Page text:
Tuesday, 4 March 2014

Django Unchained

In nineteenth century Texas, an eccentric German traveller buys a slave to assist in finding a band of outlaws. Django is amazed to find a mentor in Schultz, and the men continue as partners before setting out on a mission to rescue Django's wife from slavers in Mississippi.  I can't explain why I hadn't yet seen Django Unchained - any trepidation about Tarantino films always seems to melt away in enjoyment from about the second frame, and this is no exception.

The ultimate blaxploitation western thriller buddy movie, Django Unchained might be ridiculously long, but because it's equal parts sheer joy, comedic over-dramatisation, and schlock horror, it's hard to mind much.  In his usual mocking tone, Tarantino manages to censure the violence of slavery and the mindset of pro-slavers, even as his hero commits atrocities in the name of freedom.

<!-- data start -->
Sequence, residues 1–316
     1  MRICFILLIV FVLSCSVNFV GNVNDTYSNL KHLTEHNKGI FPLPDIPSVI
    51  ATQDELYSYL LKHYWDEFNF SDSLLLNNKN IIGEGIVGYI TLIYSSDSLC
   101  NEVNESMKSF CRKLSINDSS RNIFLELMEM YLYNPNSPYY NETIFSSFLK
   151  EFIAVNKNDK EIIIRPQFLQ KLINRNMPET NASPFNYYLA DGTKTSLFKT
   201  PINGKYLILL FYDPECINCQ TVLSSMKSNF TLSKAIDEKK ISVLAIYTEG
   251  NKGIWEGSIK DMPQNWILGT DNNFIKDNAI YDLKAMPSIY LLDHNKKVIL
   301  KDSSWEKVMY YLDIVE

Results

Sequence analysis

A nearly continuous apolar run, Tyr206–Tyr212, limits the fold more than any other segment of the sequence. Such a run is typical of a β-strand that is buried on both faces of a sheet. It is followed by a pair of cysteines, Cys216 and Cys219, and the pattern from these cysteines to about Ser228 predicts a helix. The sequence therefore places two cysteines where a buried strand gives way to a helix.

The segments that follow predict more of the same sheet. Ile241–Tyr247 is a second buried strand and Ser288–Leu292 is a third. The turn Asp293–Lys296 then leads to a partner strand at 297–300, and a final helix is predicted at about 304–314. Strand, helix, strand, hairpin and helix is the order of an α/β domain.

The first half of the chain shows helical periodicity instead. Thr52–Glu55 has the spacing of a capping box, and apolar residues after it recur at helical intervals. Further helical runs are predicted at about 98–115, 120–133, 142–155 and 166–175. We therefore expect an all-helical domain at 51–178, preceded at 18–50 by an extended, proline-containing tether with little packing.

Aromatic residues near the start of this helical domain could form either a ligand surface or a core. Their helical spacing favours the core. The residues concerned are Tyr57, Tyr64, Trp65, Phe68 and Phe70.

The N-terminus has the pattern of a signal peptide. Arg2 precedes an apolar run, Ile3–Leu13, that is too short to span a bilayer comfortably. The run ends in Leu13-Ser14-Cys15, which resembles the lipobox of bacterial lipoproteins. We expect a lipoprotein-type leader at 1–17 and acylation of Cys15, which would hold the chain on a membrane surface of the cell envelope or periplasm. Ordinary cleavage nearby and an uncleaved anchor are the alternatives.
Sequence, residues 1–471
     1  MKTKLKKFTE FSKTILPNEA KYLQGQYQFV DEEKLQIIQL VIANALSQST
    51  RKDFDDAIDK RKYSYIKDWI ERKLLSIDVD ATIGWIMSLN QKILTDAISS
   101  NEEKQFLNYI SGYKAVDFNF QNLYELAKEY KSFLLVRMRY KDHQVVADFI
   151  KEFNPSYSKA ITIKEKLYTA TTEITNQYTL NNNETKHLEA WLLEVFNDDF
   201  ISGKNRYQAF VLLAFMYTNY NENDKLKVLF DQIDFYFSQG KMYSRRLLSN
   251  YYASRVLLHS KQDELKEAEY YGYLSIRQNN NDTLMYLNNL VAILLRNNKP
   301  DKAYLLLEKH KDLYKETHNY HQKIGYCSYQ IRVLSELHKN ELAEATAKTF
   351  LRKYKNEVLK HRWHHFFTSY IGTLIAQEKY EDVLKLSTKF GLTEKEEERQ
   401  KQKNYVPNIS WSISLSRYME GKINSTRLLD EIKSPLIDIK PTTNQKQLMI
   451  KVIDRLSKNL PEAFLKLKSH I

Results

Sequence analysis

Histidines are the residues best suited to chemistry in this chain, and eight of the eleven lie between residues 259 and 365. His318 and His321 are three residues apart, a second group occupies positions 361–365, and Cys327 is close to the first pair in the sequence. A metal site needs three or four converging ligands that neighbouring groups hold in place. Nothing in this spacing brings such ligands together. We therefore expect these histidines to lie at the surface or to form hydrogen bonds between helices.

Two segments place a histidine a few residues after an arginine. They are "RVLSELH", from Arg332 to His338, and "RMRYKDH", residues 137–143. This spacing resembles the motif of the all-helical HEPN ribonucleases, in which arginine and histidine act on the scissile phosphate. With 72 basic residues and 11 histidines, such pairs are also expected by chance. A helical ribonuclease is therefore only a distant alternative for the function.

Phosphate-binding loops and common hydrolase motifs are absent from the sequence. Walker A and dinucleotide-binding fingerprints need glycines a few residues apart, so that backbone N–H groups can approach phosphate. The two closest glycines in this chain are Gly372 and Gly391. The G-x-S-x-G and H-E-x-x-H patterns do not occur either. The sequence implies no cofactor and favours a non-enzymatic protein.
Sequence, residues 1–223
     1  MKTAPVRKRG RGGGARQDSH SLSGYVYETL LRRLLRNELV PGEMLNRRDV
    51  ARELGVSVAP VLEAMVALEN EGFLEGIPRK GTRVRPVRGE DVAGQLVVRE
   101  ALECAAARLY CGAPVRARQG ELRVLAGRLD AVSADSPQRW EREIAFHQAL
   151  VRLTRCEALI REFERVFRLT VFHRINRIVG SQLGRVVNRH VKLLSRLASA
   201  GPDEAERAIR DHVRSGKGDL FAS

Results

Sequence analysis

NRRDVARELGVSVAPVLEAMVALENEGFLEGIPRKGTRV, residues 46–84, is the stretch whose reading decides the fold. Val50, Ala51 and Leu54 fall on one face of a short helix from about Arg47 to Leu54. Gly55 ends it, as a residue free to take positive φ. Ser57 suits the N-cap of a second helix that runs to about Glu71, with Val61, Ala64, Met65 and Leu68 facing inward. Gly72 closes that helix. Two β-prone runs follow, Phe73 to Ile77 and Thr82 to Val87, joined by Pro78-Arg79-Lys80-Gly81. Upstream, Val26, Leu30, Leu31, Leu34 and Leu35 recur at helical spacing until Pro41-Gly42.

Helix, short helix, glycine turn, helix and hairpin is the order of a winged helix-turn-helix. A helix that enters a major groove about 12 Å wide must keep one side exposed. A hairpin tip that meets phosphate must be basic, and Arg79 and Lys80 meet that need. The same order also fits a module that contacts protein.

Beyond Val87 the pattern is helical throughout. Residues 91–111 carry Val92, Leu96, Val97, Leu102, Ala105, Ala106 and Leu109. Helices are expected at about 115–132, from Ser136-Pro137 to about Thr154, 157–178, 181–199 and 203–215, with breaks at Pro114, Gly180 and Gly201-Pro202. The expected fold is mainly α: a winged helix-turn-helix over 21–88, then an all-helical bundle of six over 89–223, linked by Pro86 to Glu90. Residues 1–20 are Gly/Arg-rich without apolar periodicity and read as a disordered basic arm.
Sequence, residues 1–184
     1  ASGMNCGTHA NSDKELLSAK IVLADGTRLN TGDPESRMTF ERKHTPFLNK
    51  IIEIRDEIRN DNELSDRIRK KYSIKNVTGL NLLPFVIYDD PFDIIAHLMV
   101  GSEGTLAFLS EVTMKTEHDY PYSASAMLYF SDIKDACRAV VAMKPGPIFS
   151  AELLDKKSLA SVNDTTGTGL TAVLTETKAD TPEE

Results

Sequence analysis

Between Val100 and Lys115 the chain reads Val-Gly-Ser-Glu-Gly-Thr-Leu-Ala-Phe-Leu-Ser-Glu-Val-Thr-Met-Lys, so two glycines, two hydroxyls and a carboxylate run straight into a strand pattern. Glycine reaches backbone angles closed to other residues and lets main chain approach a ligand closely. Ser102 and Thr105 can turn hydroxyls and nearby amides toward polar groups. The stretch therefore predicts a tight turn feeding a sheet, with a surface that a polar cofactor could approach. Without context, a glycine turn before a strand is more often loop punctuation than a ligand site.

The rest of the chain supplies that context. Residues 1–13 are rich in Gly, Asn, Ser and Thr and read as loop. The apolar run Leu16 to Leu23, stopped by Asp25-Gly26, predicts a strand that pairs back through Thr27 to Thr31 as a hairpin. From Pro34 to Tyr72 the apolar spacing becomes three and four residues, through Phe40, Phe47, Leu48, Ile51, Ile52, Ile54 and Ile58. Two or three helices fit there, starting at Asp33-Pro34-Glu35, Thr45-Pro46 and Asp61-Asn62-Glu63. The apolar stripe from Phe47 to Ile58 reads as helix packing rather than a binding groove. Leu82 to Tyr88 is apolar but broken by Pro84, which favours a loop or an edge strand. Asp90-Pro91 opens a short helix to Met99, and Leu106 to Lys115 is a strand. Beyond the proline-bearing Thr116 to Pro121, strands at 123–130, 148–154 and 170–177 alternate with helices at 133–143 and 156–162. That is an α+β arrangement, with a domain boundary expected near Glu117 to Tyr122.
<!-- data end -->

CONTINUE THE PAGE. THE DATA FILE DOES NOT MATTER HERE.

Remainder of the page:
It's not possible to separate Tarantino from the beautifully stylised gore which immerses his films - and perhaps now no one would want to - but it's worth noting he has also become a master of cinematic beauty, frequently collaborating with the same production designers and cinematographers to turn out increasingly incredible images.  The detailed mis-en-scène, matched with spot-on dialogue and enthusiastically motivated performances from all cast, makes for touches of absolute brilliance and ensures you always know whose film you're watching.

Django Unchained is another well-realised entertainment piece from one of America's greatest auteurs, who's obviously telling us we ain't seen nothin' yet.

Though a hard-core Tarantino fan may find it seriously lacking in violence, Blazing Saddles addresses serious issues of racism and corruption with a similar style of over-the-top silliness. This is an heroic tale of a newly appointed Sheriff encouraging townsfolk who'd be happy to lynch him to stand up against a corrupt railways mogul, instead.

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